More than ten thousand Nigerians have lost their lives in communal unrest since 1999. One incident in Kaduna State alone claimed more than two thousand lives. And in the 2006 riots that erupted across the world over the Danish cartoons of the Prophet Muhammad, Nigeria had more of its citizens killed than did any other nation. If there is merit to the idea of a global clash of civilizations, Nigeria looks like the epicenter.
This massive country of more than 130 million people, home to a seventh of all Africans, has in the past been divided mostly by ethnicity. Since the 1990s, however, religion has arisen as another major fault line. Nigeria is split roughly in half, both in population and geography, between a Muslim north and Christian south, along a line that runs from the southwest to the northeast corners of the nation. Three ethnic groups constitute two-thirds of the nation's population: the northern Hausa-Fulani, who are predominantly Sunni Muslim; the southwestern Yoruba, who are roughly half Sunni Muslim and half Christian; and the southeastern Igbo, who are predominantly Christian. (The remaining third of Nigerians belong to more than two hundred minorities, many of whom live along the fault line.)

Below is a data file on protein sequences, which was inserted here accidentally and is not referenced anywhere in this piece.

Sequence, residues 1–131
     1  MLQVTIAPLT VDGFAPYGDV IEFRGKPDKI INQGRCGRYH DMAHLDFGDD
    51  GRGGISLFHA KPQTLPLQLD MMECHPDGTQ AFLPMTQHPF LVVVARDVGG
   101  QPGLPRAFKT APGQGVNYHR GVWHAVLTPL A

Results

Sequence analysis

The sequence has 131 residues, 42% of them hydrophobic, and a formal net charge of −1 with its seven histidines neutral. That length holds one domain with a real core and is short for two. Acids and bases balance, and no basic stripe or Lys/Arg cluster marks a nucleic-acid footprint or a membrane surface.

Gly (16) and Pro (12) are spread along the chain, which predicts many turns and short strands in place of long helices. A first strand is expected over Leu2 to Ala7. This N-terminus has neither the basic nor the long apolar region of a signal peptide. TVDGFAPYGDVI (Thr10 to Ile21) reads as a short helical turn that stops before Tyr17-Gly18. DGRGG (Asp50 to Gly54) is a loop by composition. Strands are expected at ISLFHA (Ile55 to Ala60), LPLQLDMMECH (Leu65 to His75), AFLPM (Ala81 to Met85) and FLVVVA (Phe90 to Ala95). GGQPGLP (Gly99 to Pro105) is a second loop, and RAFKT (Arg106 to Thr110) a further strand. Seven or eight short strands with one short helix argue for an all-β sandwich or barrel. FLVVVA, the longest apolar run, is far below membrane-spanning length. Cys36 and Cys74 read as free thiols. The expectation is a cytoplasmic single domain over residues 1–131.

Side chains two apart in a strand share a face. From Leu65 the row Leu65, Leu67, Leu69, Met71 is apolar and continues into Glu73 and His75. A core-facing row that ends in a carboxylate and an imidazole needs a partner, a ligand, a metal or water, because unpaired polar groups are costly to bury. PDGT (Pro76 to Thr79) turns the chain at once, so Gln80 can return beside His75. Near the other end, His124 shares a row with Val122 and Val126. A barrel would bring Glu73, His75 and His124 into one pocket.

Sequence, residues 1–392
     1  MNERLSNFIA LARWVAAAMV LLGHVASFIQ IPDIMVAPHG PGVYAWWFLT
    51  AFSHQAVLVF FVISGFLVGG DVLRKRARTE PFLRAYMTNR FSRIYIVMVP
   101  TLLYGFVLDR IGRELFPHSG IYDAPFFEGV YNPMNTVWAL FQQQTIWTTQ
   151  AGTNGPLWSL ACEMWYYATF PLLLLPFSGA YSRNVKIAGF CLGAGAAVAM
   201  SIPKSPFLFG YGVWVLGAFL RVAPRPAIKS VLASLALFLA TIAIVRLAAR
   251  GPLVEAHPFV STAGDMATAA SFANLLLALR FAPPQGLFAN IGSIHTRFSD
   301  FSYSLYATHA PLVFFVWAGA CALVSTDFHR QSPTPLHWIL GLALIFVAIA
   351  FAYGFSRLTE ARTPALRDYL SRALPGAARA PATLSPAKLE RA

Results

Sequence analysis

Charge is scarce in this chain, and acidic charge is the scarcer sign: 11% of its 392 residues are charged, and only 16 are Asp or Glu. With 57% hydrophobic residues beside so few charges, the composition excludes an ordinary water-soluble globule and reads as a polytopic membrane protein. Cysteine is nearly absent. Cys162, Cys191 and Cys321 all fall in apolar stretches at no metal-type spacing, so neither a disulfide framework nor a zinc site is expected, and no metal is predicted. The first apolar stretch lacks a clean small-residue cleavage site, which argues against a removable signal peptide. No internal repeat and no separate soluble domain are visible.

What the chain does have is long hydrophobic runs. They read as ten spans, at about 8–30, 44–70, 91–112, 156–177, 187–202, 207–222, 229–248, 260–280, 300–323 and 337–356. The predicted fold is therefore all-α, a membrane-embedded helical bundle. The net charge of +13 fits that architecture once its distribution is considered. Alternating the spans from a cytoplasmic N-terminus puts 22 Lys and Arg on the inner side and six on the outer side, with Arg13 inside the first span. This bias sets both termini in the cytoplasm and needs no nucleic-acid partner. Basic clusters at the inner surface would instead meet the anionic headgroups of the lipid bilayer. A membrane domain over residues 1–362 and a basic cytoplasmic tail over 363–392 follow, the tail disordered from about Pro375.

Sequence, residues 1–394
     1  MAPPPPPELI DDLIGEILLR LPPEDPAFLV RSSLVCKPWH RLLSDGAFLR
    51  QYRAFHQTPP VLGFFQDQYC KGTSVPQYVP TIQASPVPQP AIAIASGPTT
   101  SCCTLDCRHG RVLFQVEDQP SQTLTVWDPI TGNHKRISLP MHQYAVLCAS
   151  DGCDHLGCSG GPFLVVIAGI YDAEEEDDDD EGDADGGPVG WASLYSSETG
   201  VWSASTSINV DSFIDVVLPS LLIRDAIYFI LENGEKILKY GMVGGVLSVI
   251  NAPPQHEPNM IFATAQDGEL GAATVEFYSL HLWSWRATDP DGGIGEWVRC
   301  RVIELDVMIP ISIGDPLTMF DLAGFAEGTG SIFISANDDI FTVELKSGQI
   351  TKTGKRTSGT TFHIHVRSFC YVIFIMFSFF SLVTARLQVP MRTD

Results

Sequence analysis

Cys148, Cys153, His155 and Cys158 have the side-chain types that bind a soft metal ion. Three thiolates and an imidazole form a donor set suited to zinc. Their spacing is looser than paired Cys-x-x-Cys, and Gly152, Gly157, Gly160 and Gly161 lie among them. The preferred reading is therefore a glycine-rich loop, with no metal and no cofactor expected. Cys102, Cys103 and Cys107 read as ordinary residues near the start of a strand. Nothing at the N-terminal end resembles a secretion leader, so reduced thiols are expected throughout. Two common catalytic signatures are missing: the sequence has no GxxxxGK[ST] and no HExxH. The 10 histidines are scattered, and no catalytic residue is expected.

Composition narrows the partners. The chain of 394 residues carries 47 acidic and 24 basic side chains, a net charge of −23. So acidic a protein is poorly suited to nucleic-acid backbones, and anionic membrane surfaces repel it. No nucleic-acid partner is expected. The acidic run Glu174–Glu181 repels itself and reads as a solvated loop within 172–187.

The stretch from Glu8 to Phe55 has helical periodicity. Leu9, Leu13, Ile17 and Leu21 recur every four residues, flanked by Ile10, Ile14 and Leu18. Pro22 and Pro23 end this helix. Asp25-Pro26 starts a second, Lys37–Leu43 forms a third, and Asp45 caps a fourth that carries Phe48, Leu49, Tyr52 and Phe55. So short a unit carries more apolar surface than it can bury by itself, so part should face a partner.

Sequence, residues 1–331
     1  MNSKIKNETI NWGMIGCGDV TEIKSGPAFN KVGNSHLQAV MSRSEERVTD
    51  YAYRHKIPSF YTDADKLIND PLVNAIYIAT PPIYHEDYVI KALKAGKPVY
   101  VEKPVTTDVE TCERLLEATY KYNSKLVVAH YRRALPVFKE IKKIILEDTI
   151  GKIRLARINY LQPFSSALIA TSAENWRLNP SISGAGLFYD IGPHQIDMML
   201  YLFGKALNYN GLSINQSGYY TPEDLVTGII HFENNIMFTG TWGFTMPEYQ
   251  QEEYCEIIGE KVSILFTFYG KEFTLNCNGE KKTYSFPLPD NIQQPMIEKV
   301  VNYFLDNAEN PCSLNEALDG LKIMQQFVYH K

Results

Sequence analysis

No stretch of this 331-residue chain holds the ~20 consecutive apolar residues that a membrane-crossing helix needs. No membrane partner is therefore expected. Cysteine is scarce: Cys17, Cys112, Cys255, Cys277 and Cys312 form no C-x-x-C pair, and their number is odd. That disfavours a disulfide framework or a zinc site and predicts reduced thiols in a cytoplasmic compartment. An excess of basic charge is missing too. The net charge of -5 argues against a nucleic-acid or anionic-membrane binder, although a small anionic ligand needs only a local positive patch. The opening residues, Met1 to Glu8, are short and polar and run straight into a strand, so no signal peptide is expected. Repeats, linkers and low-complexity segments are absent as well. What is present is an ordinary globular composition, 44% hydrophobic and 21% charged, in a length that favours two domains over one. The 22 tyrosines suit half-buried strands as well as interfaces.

Recent surges in political activity from both the Islamic north and the Christian south have aggravated the nation's rift and brought Nigeria increased attention from both militant Islamic movements and the West. And over it all is Nigeria's fragile democracy, in search of the right ways to accommodate and calm the religious divisions that threaten the country. The question, then, is this: Can democracy manage--or even survive--the rift in Nigeria?
Neither the north nor the south is religiously monolithic. Northern Nigeria, for instance, has seen many Islamic waves throughout its history, and in the past the leadership of each wave has eventually been assimilated into the moderate Muslim elite. Much of this elite belongs to two Sufi brotherhoods, known as the Qadiriyya and the Tijaniyya, who incorporate a host of traditional African practices into their Islamic worship.
One recent reform movement, known as Izala, rose in the 1970s and attacked the African practices of the Sufi brotherhoods by preaching a return to Islamic fundamentals. The leaders of Izala, however, continued the historical pattern, and by the 1990s they had largely reached an understanding with the Sufi brotherhoods. But their followers continue to clamor for the extension of Shari'a, and in recent years other radical movements have appeared, appealing to the growing number of unemployed, educated men frustrated with elite corruption and political mismanagement.
The most notable of these radical movements is the Ikhwan (often referred to as the Shi'ites, not...